By Devon Miller-Duggan
The Birth of Snow
Forget mountains and that mountains
converse with everything above and below them,
all the way from perfect cold to perfect heat.
Forget clouds and all the other unreliabilities of air.
Forget water as it rolls and shatters, forget
water dispersing itself, forget
water gathering itself into mountains.
Forget angles of the sun.
Forget frost, crystallization, and freezing.
Forget the air arranging and acknowledging
the presence of your breath.
Forget the constant shushing arrival of each
distinct iota of white.
Forget the words for white, for falling, for cold.
Remember, this is the water that makes its way
past the greed of trees and growing things.
This is the water that solaces the earth.
At the Writers’ Convention
More than one poet
employs the cartoon image—
a character suspended in the air
beyond the rim of a cliff—
it’s always a sharp rim, undercut and branchless—
the character hangs there, feet peddling the air,
hope hanging over physics—
you call it physics even though
you think you know
even physics can’t explain
inevitability—no matter how the character
keeps peddling air.
And you, you ride the escalators
wondering when this became
core metaphor for
those with faith
and those without.
Atheists, failures, dentists, holy rollers,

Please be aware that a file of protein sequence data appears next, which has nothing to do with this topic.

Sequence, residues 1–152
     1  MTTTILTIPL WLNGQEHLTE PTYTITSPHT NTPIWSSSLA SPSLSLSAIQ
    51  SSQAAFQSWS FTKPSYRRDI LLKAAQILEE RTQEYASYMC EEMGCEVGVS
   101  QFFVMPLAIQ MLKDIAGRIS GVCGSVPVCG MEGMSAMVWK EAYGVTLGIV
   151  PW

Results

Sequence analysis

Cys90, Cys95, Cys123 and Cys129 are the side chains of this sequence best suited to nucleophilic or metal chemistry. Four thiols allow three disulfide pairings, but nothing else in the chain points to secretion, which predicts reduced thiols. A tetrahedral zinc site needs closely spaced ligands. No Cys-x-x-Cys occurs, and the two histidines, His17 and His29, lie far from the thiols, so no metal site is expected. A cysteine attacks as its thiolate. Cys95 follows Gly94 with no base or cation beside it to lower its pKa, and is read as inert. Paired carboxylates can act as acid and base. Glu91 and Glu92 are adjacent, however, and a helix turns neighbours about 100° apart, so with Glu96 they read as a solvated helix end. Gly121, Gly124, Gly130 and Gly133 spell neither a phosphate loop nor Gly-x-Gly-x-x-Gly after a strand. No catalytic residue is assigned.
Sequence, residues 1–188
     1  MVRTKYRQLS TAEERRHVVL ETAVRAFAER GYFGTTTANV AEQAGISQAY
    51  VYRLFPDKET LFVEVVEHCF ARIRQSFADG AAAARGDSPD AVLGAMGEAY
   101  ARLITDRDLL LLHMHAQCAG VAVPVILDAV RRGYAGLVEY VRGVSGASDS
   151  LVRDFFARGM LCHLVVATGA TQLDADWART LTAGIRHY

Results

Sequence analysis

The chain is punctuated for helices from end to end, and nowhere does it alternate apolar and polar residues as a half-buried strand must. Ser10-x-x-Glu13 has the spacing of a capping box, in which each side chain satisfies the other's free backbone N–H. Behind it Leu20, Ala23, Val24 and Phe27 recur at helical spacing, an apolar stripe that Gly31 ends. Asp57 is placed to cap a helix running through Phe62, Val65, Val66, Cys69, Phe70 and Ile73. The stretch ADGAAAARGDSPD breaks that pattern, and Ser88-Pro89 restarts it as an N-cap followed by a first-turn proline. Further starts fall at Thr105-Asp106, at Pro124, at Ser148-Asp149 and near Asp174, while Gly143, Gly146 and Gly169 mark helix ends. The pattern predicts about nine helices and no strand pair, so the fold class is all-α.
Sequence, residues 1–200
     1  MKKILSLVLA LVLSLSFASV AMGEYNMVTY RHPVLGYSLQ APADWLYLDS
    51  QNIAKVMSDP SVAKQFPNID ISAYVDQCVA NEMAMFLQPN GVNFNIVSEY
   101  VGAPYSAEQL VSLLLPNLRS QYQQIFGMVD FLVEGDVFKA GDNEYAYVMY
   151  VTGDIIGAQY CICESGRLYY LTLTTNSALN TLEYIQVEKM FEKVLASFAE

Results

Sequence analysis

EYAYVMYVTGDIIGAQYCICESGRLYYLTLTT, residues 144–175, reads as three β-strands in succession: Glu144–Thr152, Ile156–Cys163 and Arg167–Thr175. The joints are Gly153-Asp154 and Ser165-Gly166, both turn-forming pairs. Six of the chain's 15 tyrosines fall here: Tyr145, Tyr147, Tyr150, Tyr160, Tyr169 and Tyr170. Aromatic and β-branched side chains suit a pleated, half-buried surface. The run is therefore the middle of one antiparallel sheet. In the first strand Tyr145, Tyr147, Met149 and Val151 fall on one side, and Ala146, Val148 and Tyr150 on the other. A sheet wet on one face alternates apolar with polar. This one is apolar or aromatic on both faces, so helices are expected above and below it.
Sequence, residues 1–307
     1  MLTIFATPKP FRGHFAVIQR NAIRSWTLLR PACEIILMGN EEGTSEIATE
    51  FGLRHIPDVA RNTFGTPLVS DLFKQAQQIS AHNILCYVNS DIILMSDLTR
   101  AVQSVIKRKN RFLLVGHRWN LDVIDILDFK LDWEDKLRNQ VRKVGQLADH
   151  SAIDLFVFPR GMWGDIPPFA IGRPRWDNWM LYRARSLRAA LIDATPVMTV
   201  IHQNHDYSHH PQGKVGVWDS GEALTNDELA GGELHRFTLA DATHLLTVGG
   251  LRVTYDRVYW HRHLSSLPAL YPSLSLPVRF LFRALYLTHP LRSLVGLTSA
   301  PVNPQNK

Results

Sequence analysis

Southern gentility, Northern farmers, suicides
And the inventor of invisible suspenders:
My address is treehouse.
Devon Miller-Duggan has published poems in Rattle, Margie, The Indiana Review, Harpur Palate, The Hollins Critic, and a blessedly long time ago, one entirely embarrassing mimeographed little magazine with a pencil drawing of a kitten on the cover. She’s won a couple of prizes. She teaches, mostly for the Department of English at the University of Delaware, and tries to get to someplace with mountains in it at least once a year. She loves driving across the panhandle of Texas. Her first book, Pinning the Bird to the Wall, appeared from Tres Chicas Books in 2008. Her chapbook, Neither Prayer, Nor Bird, appeared from Finishing Line Press in 2013.
Cover photo and illustration photo by David Nilsen.